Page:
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February 12, 1992

Bioethics and Secular Humanism: The Search for a Common Morality

Author Affiliations

University of Arizona College of Medicine Tucson

JAMA. 1992;267(6):870. doi:10.1001/jama.1992.03480060116046

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In their book The Abuse of Casuistry, Jonsen and Toulmin describe how the members of the President's Commission for the Study of Ethical Problems in Medicine and Biomedical and Behavioral Research were able to agree on moral actions, although they were not able to agree on the ethical reasoning behind their decisions. These representatives of society's moral spectrum exemplified the premise of Tristram Engelhardt's new book, that secular humanism is the route through which individuals with differing values, "moral strangers" in his terms, can peaceably come together to agree on a common path for a pluralistic, postmodern society. What makes our society postmodern is that it is governed by "neither the institutions of religious totality that marked the Middle Ages nor the convictions of rational totality that marked the modern age."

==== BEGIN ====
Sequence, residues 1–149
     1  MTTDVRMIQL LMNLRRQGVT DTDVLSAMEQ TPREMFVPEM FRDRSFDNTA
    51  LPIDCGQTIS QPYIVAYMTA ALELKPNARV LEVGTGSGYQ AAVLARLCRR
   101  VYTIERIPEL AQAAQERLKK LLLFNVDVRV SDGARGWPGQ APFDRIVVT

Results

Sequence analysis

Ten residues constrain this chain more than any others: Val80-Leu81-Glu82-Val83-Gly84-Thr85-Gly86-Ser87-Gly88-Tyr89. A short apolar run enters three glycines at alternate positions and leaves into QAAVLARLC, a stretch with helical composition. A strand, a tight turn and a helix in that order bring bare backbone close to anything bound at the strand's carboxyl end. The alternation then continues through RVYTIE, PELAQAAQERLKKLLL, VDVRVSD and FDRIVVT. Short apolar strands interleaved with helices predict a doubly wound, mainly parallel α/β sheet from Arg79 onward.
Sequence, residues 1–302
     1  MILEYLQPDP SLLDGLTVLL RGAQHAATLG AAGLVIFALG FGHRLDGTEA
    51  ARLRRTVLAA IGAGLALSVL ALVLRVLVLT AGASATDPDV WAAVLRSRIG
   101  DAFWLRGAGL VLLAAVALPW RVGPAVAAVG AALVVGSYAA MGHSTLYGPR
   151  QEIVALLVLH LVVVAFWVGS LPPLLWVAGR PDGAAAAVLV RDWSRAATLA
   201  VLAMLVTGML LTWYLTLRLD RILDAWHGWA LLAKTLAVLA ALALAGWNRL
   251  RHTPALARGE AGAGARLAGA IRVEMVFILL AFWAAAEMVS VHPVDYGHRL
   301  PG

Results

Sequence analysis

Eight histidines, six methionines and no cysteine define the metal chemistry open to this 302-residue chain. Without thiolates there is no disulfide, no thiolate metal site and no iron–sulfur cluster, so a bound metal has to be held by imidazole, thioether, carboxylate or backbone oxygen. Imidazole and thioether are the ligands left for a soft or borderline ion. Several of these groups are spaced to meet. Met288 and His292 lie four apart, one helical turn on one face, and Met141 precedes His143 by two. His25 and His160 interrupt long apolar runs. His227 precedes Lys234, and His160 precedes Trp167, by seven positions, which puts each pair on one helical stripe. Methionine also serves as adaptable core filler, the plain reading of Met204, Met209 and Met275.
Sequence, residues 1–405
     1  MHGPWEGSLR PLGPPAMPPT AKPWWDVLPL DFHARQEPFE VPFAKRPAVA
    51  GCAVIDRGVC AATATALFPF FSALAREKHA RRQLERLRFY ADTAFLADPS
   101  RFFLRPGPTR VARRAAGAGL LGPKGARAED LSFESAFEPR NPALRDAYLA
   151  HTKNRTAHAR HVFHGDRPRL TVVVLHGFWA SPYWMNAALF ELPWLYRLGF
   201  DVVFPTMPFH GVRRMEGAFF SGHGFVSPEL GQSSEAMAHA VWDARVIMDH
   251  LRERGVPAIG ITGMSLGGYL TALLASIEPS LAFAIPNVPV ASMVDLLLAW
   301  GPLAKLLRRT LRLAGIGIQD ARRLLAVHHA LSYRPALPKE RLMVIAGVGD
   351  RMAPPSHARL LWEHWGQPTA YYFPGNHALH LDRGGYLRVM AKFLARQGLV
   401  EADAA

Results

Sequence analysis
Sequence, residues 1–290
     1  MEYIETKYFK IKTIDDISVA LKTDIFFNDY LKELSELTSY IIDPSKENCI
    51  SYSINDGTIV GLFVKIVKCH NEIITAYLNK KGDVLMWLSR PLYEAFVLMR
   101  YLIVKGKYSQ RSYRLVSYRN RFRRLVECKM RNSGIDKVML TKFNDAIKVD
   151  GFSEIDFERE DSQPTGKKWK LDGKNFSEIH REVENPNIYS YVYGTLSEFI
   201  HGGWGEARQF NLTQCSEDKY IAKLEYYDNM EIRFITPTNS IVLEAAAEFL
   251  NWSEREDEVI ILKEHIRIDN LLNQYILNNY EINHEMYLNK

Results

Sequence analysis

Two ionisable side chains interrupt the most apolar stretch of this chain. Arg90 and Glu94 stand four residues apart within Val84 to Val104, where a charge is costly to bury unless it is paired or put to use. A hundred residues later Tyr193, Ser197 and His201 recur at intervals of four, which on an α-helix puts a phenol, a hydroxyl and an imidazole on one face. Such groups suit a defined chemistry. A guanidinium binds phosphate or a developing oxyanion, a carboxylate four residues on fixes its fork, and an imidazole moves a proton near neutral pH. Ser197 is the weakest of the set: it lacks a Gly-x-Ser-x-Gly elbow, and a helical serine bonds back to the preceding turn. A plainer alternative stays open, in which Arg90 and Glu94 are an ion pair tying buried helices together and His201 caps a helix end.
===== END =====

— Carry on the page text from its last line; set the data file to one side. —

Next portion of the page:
Engelhardt, an "unreconstructed Texan," set for himself a daunting task, to find or develop a rational basis for ordering